In the 1980s and 1990s, the World Bank was famous for its infamous structural adjustment programs. Developing countries were asked to privatise, further restricting access to public services to the most in need, and to deregulate, eroding workers’ rights and social safety nets, in exchange for World Bank loans.
Far from breaking the circle of poverty, those programs destroyed the livelihoods of millions.
Despite numerous protests against structural adjustments and a reduced legitimacy for its policies, the World Bank has not altered its core ideology. Instead, the World Bank has given it a new name, Doing Business, and a new target: agriculture.
Doing Business is a yearly study conducted by the World Bank to rank countries according to their “ease of doing business”. The ranking openly gives prominence to the rights of entrepreneurs over the rights of citizens and environmental protection.
The underlying assumption of the World Bank is an automatic “trickle-down” effect of private entrepreneurship to the poor and the vulnerable. That’s the theory, anyway.
In practice it is more of a “trickle-up” effect, leading to more income and power inequality.
For instance, since the late 1970s, there has been a startling change in the distribution of national income in most countries around the world – steep declines in worker’s share of national income has been particularly noticeable.
The World Bank is now looking at adapting the Doing Business model to the agricultural sector: the Benchmarking the Business of Agriculture (BBA), with funding from the Gates Foundation, the UK, US, Dutch and Danish governments.
But putting something as fundamental as food in the hands of the World Bank is incredibly dangerous.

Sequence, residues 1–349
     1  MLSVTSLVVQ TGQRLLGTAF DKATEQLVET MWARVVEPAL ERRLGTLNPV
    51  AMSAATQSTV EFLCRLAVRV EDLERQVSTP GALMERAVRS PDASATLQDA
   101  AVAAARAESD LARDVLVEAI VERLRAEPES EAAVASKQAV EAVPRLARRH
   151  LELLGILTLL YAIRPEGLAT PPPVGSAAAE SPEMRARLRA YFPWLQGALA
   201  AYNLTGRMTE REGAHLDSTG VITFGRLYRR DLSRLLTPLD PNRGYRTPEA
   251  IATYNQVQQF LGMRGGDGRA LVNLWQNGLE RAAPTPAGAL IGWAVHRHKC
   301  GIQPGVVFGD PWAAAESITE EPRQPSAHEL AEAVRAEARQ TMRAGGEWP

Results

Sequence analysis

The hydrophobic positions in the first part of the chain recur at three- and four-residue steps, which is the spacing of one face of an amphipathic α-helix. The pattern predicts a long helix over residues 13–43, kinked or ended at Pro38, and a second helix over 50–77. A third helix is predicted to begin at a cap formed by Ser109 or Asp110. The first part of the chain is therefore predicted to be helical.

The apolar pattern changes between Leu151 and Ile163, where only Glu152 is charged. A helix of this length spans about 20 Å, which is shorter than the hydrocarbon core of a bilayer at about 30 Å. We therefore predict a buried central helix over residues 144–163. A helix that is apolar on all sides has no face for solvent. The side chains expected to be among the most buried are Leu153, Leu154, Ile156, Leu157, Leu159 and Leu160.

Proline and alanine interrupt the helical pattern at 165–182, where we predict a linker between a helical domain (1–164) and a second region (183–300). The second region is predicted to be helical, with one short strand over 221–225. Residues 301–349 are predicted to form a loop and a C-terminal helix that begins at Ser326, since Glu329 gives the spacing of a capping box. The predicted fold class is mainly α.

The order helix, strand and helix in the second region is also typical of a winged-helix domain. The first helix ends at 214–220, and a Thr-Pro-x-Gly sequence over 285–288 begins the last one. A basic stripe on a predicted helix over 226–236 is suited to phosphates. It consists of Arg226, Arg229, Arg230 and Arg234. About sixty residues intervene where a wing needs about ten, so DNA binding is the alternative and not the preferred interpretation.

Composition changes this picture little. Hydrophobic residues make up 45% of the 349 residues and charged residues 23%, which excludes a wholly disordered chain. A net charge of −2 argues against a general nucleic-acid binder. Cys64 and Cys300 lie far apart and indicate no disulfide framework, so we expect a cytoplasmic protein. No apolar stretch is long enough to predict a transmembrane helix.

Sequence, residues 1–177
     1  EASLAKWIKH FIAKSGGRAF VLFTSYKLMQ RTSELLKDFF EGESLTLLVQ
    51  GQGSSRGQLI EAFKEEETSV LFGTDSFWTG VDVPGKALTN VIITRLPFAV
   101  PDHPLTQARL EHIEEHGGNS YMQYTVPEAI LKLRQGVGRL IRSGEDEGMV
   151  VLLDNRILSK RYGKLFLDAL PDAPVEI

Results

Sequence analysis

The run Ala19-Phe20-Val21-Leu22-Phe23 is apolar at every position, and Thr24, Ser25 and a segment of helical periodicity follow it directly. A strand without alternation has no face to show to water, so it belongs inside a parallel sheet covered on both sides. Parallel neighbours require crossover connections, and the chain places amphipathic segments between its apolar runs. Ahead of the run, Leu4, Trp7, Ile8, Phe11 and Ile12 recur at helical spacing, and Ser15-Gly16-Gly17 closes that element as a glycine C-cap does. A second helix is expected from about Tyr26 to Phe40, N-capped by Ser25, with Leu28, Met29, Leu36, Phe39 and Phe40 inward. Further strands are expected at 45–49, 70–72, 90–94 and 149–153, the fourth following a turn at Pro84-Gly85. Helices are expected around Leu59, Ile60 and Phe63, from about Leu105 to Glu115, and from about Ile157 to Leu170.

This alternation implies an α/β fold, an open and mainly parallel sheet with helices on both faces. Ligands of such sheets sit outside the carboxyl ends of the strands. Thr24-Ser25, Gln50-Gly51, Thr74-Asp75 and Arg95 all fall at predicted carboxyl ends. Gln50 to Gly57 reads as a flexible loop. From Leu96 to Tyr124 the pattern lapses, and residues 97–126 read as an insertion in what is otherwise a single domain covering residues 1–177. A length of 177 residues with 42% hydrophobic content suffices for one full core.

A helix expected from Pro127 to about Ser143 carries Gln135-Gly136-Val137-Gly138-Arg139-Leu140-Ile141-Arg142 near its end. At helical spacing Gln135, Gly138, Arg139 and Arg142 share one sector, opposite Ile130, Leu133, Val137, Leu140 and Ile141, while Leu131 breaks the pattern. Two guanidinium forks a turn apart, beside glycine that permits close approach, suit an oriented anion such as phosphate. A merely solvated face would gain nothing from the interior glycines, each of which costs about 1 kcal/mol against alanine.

Governments are encouraged to commoditise their land – and to sell or lease it to foreign investors, regardless of potential environmental or social impacts. This leads to land grabbing.
The ranking is higher for countries with lower regulations. So if a foreign investor can easily buy land in a given country, the ranking improves.
A high ranking brings more funding opportunities for governments in developing countries, leaving them to compete between themselves for low standards and high scores.
In the developing world, foreign investment in agriculture can be a recipe for poverty.
Most people work on a land they do not possess.
In Tanzania for instance, more than 80 per cent of the people rely on agriculture for their livelihoods, but less than 10 percent hold an official title to their land.
In Cameroon, Samuel N’Guiffo, who heads the Centre for Environment and Development, explained to Al Jazeera how “even if the communities are compensated [for the loss of their lands], it is hardly adequate, and the few resulting jobs do not pay enough to make up for the permanent loss of livelihood and way of life.”
Behind the virulence of the statements against BBAs is the strong belief among civil society worldwide that food is a not a commodity that can be traded and negotiated.
The right to food is a human right recognised under international law.
It requires states to provide an enabling environment in which people can use their full potential to produce or procure adequate food for themselves and their families.
But the language of human rights is all too often foreign to the World Bank – it’s a shame we cannot say the same about the rights of investors.
The Sustainable Jobs sub-plenary on Taming Corporate Power takes place at the ITUC Congress on Tuesday 20 May between 09.00 and 12.30.